Summer comes to a crashing end…
Ten-year-old Kevin Taggert prefers to stay home with his video games, but his parents insist he join a summer sports program. Exactly on the day the Vordac raid Earth. With his little sister depending on him for protection, Kevin must find the strength and wisdom to keep them both safe.
Before they both end up dead, or even worse: as life-long slaves of the Vordac.
Summer Crash (Zerralon 1.1)
Part 24: The Garage Sale
Kevin scarfed down the rest of his breakfast and then ran from the breakfast table. He made it downstairs and found that he indeed did have all the lights on. He quickly turned them off, and his corner fell into deep shadow.
He then brought the ‘keeper’ items to the empty shelves hiding his corner. The more he filled the shelves, the more it hid his secret work space.
The others soon arrived, with his mother nodding approval of what he was doing. “Good idea. Get the stuff we already sorted out of the way.”
“Want to get it done,” Kevin said, lugging a box of books towards the back.
“That’s the spirit,” his mother said.
“Yeah, so do we. It’s supposed to rain next week. We can’t play outside then.” Sean looked over to his mother. “Maybe we can sort then?”
“Nice try. No, we’re going to finish this. I want the garage sale this weekend.” His mother rubbed her hands together. “It will be nice to clear some of this stuff out.”
The sorting kept them busy all day. More than Kevin really hoped for. He had his corner now. He wanted to work in it. To experiment and fix the robot.
But, he’d started this to cover up what he was doing and now he was stuck with it. Yay him.
Still, it wasn’t all bad. With all the stuff they decided to sell, he could expand his corner if he wanted to. It also kept him from having to find excuses to keep from playing touch football, soccer, or basketball, and then having to deal with all the comments about how bad he was at any of it.
Kevin sighed. He was tired of that. Not being good enough at anything. He wanted to be good at something. To make a difference. Like his mother, who was at the forefront of robotic design. Or his father, who was a rising officer with the Galactic Patrol. Or even Grandfather, who was a famous sculptor. Or Grandmother, the famous children’s book author and artist. Or their other Grandmother, who designed the prototype of the interplanetary communication systems the PWA now used and all its population took for granted.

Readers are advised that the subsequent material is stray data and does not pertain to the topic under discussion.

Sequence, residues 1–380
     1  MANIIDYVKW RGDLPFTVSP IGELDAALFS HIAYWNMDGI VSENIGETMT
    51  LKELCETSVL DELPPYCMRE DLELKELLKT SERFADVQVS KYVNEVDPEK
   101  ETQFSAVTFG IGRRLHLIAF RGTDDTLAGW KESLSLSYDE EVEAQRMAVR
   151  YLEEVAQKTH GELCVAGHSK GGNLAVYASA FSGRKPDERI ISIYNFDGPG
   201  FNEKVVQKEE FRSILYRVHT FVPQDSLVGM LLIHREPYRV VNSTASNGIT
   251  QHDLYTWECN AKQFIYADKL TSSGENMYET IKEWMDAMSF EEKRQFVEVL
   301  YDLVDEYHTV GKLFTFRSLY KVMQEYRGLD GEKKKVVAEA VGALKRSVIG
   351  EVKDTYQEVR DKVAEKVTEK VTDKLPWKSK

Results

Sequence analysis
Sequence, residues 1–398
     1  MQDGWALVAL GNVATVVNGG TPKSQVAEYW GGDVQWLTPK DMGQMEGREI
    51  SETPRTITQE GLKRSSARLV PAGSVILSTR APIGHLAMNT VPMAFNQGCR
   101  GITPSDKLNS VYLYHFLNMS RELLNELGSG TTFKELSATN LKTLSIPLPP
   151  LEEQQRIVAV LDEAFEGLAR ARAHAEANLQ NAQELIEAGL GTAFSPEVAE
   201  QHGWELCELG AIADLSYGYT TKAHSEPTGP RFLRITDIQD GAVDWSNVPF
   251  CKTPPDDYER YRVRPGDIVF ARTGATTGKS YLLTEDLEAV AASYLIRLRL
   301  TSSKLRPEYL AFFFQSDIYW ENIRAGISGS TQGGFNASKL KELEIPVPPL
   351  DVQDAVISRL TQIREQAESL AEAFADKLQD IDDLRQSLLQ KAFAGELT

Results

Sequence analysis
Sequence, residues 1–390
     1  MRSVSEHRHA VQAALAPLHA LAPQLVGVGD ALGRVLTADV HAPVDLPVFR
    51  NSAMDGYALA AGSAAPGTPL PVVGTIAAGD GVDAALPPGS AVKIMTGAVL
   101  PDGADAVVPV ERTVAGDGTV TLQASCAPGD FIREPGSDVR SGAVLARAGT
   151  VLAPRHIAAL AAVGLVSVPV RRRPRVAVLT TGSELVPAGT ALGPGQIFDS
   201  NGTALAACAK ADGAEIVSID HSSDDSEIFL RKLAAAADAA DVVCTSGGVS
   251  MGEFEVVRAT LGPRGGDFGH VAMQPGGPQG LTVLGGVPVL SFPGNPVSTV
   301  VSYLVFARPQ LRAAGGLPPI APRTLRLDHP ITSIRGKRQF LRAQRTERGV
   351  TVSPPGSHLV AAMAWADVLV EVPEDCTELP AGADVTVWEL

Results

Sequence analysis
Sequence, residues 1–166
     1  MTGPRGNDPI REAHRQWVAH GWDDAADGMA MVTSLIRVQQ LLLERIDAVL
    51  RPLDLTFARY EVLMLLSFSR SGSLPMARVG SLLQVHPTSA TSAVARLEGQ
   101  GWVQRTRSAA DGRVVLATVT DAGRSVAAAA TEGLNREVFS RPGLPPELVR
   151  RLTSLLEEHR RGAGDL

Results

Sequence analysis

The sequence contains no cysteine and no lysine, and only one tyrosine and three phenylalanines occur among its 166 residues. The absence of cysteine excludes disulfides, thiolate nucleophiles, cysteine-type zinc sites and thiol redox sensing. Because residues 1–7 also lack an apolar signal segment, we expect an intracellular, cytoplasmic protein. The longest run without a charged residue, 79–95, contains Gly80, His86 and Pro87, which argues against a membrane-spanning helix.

Kevin sighed. Then promptly started coughing from the dust stirred up from the top of the box he was carrying.
“Definitely need to get rid of some of this stuff.” His mother set a box on an empty shelf near the stairs. “Anything that belongs to your father goes here. He’ll sort them when he gets back.”
Something else they hadn’t heard anything about yet. When would he get back? Did he have anything to do with the Vordac rescue? Was he hurt during it?
No, that last one they would have heard about. Their mother would have been updated and she didn’t show any sign of worry.
The sorting continued through the day. The second hovercar was moved out of the garage to make more room for the sale. More stuff taken out of the basement and priced. Even some things from main part of the house.
Each night and early morning Kevin worked away on the robot. He eventually brought all the other broken ones from the garage down to his corner. Trying to find good parts and see how he could mix and match.
Trying all sorts of suggestions found from forums, websites, question-and-answer sites, and emagazines. Testing the robot at regular intervals. Trying to get it to activate and move as it should. Every time he thought he might have it, a new problem cropped up.
The garage sale opened in the middle of the day on Friday and ran through the end of Saturday. With the help of a few notices, they had people waiting for the garage doors to go up first thing. His mother, excited by the response, kept the boys sorting downstairs with orders to immediately bring up anything they found to sell.
The shelves emptied. Corners of the basement opened up. The smell of dust diminished as the house-bot started a cleaning sweep of the basement. Only the best boxes were kept to hold the keeper items.
By the end of the sale only a few items on one table were left. For those, his mother called in a charity, just so they didn’t go back downstairs.
“About time this ended,” Sean said as they dismantled the tables and planks they’d used as tables. “Soccer time!”
“Hoverball time,” Greg countered.
Robot time, Kevin silently said.
Then his mother’s watch beeped. She went inside to answer the call privately, only to soon run back out to the hovercar. “Emergency at work! Stay near the house. Do not go past the end of the street. Pay attention to Nanny-Bot.”
Sean and Greg looked at each other as their mother left. At the same time, both of them said, “Basketball!”
“I’ll get the ball,” Greg said, running for one of the shelves.
“I’ll start getting the teams together,” Sean said, running out the open garage door.
“I’ll put the rest of this stuff away,” Kevin said. As he hoped, the other two didn’t want anything to do with it and left him behind. It meant he was free to get back downstairs where he could really get to work.
He started by rearranging the shelving to make better use of the space towards the stairs. Moved all the boxes and other stuff onto them, organized by who they belonged to.
It left him with several shelves and a nice wide clear space in the back with enough room for several of the tables used in the garage sale. In a short time he had it arranged just as he wanted.
Kevin sat down in his little corner, looking over the well-lit area, pleased with himself. He could get a lot done down here.
He jumped out of his chair at a sweet young voice asking, “What’s this?”
TO BE CONTINUED…
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